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Directors Guild

The Directors Guild of America (DGA) is a union of film and television directors in the United States motion picture industry. The DGA was established as the Screen Directors Guild in 1936 and renamed Directors Guild of America in 1960.  The DGA has around 13,000 members.  The headquarters of DGA is located at Sunset Boulevard in Hollywood with satellite offices in New York and Chicago.

 The DGA consists of directors, assistant directors, stage managers, and production associates in the television industry.  Moreover, this union also represents directors, assistant directors, unit production managers, technical coordinators, and location managers.

The DGA conducts various training programs and successful candidates are placed in various productions.  These candidates can gain working experience in film or television industry.

An agreement between the Guild and film production companies includes stipulations over pay and working conditions for DGA members.  It may also require the hiring and employment of DGA members on film projects. DGA members are generally prohibited from working for film production companies that have not signed an agreement with the DGA.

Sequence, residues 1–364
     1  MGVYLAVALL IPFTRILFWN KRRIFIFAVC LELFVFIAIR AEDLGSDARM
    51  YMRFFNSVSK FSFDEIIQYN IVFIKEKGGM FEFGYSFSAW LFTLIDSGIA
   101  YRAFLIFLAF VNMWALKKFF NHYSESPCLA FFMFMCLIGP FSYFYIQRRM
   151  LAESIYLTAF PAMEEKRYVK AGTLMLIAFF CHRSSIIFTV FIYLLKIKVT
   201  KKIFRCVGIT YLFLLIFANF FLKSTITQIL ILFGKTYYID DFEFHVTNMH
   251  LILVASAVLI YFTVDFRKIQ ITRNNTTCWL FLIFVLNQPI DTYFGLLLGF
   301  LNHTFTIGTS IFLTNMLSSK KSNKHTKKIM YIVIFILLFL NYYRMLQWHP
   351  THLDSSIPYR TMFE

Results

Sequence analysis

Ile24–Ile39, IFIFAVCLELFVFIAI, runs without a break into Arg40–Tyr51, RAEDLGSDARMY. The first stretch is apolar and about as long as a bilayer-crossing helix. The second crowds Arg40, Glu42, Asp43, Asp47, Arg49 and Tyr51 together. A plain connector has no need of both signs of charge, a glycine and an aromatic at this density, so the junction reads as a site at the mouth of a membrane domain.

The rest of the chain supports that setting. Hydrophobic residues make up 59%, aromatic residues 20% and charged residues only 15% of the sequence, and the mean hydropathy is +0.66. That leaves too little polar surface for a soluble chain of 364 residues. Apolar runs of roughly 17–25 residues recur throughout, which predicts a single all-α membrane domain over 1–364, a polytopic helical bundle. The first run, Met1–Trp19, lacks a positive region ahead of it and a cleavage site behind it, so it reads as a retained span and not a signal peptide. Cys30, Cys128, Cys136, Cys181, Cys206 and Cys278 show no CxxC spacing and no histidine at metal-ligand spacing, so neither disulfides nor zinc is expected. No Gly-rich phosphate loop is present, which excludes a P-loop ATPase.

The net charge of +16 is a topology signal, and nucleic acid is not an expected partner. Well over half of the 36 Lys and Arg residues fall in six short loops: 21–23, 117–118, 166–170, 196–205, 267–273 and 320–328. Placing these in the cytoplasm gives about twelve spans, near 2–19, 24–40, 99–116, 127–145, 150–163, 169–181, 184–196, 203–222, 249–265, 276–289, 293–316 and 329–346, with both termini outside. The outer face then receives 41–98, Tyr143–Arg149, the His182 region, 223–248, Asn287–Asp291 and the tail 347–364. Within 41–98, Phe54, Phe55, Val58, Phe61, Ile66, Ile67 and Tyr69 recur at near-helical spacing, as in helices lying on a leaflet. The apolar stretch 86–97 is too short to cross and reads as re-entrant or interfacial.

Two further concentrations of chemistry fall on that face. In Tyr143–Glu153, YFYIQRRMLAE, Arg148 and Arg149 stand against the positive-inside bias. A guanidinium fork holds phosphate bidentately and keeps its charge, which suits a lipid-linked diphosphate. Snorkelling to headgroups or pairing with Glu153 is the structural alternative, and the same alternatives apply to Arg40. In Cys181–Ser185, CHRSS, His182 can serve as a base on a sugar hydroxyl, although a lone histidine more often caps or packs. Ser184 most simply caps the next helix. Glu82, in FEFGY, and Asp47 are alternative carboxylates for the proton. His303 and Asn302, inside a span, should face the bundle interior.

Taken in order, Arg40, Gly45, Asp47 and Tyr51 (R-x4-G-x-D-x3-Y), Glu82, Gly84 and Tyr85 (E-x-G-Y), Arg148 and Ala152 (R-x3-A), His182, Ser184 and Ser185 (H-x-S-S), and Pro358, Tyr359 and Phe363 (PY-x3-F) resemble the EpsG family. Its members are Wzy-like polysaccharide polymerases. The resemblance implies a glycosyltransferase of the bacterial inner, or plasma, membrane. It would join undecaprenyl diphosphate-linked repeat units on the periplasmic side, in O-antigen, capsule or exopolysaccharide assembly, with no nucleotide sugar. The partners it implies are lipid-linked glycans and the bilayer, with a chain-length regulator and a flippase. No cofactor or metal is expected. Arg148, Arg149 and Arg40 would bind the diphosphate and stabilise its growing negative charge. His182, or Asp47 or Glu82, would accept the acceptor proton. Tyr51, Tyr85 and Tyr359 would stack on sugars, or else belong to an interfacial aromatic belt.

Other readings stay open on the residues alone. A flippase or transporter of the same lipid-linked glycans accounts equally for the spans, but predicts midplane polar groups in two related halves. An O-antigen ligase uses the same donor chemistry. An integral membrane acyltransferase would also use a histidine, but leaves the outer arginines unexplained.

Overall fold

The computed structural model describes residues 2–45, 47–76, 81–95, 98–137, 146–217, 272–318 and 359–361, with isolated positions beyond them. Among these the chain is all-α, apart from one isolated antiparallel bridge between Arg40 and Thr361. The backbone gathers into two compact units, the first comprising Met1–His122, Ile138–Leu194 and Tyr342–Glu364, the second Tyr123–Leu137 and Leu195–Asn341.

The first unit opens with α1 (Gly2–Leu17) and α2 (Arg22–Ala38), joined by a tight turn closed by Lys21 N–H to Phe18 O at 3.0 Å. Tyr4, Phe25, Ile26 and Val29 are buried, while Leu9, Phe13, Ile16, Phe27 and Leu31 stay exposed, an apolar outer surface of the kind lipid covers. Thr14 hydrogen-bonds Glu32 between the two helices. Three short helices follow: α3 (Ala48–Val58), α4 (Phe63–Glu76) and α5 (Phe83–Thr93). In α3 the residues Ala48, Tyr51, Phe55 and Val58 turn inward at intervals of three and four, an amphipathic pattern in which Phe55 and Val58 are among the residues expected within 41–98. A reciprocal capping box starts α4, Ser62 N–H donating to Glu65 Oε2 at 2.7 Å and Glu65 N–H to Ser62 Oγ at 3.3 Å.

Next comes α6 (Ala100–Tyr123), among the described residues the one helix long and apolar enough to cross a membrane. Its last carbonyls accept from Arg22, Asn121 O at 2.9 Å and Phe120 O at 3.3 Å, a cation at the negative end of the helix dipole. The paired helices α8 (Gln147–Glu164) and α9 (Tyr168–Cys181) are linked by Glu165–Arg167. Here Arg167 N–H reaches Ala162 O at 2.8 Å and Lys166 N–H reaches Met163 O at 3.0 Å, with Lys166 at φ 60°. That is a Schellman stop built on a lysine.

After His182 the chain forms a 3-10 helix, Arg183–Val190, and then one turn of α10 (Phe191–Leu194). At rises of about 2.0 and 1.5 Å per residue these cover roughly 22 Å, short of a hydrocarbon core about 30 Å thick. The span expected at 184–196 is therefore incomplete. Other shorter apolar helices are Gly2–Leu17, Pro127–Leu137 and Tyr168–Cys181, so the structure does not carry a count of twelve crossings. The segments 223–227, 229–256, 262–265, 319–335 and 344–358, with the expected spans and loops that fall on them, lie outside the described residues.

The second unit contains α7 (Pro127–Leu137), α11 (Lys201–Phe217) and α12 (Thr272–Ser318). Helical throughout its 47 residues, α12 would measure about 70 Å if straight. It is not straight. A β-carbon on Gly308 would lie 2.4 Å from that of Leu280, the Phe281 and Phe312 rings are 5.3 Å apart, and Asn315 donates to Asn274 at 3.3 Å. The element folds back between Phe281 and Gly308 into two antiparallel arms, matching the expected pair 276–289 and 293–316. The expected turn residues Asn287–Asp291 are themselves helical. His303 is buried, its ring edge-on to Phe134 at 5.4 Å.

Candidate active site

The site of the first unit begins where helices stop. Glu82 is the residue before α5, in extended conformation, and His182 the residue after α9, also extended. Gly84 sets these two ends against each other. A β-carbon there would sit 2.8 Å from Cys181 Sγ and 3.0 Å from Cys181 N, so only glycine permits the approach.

The DGA has a protective role in fixing wages, basic working condition and creative rights of the film director.  The protection measures of DGA include defining the director’s role, guarding the key concept of “one director to a picture” and the right to prepare a director’s cut or edit.  Normally, these protections reduce the power of producers over a director during the filmmaking process. The  DGA also blocks attempts of non-DGA members from participating in directing various projects.  The DGA has adopted measures to stop the rule of one single director by introducing recognized directorial teams such as the Wachowski brothers, Hughes brothers, Brothers Strause, and the Coen brothers.

Not all Hollywood directors are not DGA members.  Some renowned directors such as George Lucas, Quentin Tarantino, and Robert Rodriguez are not membes of DGA due to personal differences with the organization.

Inside Directors Guild